FDA Study Gets To the Heart of Expiration Dates and Safety
You wake up in the middle of the night with a splitting headache. So, you find a bottle of aspirin only to see the expiration date passed two years ago. Can you still take it? Will the moon fall on you if you do? Well, here is some news for you… expiration dates mean little to nothing!
We have the military to thank for this news. The military has a large and expensive stockpile of drugs and found itself tossing out and replacing its drugs every few years. So, they asked the FDA to do a study on how long drugs last. What they found from the study is 90% of more than 100 drugs were perfectly good to use even 15 years after the expiration date.
Why Do We Even Have Expiration Dates?
Is the expiration date a marketing ploy by drug manufacturers, to keep you buying (and filling their pockets) regularly? Mr. Flaherty, a retired FDA pharmacist says, “Manufacturers put expiration dates on for marketing … reasons. It’s not profitable for them to have products on a shelf for 10 years. They want turnover.” Joel Davis, a former FDA expiration-date compliance chief, explains, “Most drugs degrade very slowly. In all likelihood, you can take a product you have at home and keep it for many years….”
The only reason that we even have expiration dates is because the feds passed a regulation in 1979 requiring drug manufacturers to stamp an expiration date on their products. But the date simply means it is guaranteed to keep its potency until the expiration date. It does not mean that the drug loses its potency after that date.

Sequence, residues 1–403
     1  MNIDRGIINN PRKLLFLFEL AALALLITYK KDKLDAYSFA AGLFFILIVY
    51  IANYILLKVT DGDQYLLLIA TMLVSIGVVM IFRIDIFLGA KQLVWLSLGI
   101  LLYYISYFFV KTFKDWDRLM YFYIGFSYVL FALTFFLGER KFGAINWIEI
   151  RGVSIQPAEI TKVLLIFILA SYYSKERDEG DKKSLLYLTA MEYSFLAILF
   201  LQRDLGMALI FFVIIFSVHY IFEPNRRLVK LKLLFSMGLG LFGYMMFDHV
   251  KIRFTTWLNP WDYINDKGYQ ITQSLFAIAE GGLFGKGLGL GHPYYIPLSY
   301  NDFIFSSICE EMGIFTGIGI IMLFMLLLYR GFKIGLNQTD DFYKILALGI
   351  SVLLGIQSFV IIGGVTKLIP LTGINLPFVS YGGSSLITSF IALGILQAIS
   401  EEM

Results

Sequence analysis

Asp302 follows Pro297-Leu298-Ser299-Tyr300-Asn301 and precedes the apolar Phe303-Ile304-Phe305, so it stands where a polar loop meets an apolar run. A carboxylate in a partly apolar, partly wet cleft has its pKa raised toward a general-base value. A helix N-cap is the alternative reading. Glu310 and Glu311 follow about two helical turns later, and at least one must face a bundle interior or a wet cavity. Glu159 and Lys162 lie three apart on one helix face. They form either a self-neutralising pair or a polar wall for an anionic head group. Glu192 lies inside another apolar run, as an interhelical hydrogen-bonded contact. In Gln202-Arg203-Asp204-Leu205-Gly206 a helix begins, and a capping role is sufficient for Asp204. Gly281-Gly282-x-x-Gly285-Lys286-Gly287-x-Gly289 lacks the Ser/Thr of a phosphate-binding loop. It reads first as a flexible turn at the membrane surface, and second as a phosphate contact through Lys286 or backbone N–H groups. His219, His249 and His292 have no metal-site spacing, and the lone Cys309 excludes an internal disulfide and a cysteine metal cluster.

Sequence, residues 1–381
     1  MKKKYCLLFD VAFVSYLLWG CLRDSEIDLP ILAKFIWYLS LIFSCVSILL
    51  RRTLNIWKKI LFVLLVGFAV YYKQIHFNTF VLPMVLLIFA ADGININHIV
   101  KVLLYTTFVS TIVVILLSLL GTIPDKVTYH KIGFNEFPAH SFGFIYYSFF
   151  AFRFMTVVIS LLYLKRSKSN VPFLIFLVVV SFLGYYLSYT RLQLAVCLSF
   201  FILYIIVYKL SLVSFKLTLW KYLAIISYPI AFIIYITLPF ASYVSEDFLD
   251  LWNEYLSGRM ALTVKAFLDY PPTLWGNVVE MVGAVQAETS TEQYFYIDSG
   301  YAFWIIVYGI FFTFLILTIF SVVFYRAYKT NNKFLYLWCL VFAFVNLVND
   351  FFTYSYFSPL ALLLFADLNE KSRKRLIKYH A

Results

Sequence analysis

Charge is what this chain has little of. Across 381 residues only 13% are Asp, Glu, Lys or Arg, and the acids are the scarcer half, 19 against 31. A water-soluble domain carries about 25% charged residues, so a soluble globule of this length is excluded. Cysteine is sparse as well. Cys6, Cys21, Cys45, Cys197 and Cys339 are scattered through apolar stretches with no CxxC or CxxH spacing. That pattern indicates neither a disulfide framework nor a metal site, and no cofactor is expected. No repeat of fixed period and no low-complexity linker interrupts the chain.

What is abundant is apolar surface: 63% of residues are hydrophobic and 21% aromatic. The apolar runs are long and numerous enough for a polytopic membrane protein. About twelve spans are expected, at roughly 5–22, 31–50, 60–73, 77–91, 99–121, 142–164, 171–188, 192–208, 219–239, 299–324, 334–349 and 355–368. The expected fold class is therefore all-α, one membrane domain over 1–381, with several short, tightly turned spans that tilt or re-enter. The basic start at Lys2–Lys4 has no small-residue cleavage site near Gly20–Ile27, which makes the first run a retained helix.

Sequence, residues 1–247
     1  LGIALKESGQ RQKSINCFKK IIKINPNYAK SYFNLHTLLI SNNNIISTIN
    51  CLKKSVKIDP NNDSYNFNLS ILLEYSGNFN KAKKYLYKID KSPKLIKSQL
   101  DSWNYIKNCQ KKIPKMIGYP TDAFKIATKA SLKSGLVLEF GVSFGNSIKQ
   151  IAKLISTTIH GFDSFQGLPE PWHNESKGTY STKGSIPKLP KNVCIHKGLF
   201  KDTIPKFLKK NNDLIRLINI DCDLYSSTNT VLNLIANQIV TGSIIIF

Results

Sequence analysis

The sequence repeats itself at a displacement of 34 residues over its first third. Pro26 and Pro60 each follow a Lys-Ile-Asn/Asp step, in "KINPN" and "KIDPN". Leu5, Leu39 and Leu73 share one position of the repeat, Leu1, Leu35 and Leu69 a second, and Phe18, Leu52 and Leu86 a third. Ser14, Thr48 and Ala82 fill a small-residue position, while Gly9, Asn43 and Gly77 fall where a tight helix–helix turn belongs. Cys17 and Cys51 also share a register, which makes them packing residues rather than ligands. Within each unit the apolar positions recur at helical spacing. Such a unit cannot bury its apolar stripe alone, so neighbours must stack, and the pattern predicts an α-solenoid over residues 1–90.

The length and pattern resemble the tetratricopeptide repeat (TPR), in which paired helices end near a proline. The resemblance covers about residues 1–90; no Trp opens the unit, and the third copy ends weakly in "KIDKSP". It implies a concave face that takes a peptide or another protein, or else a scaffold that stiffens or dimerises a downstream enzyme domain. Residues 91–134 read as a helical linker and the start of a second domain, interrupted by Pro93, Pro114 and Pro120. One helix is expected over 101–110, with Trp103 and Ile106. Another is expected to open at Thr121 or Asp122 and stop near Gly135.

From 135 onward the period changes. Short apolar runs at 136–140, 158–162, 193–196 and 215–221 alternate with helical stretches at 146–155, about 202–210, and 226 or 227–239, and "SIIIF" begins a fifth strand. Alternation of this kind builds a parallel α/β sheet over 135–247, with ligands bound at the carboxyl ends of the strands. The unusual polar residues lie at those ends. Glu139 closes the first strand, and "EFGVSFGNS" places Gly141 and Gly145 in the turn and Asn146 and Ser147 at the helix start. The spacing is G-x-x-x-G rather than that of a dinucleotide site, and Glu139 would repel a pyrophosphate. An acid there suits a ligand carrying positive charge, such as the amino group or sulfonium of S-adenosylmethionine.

If they want to guarantee it for only six months, that’s up to them. If they want to guarantee it for longer they can. The point is there is absolutely no reason why a drug can’t be just as effective many years after its so-called “expiration” date.
So the expiration date does not indicate a point at which the medication is no longer effective or has become unsafe to use. (Excluding nitroglycerin, insulin, liquid antibiotics and tetracycline, most medications are long-lasting.)
Now, it is true the effectiveness of a drug may decrease over time, but much of the original potency still remains even a decade after the expiration date. In fact, some drugs were good for 25 years after the date.
How About Nutrient Supplements?
Well, it is a little different since drugs are artificial chemicals and supplements are (hopefully) natural products. In general, most will last much longer than the expiration date. Oils, liquid products, and some vitamins now have natural preservatives in them that help them last longer but may still deteriorate faster than other supplements.
So, what is the bottom line? It seems good sense would say that, if the expiration date passed and it’s important that your drug or supplement is absolutely 100% effective, you might want to consider buying a new bottle. (A pharmacist is a great source of information about drugs.) With today’s supplements, be comforted that they so last much longer than in times past.
Harvard Health Publications, Harvard Medical School.
Jay M Pomerantz, MD Recycling Expensive Medication: Why Not? MedGenMed. 2004; 6(2): 4. Published online 2004 Apr 26.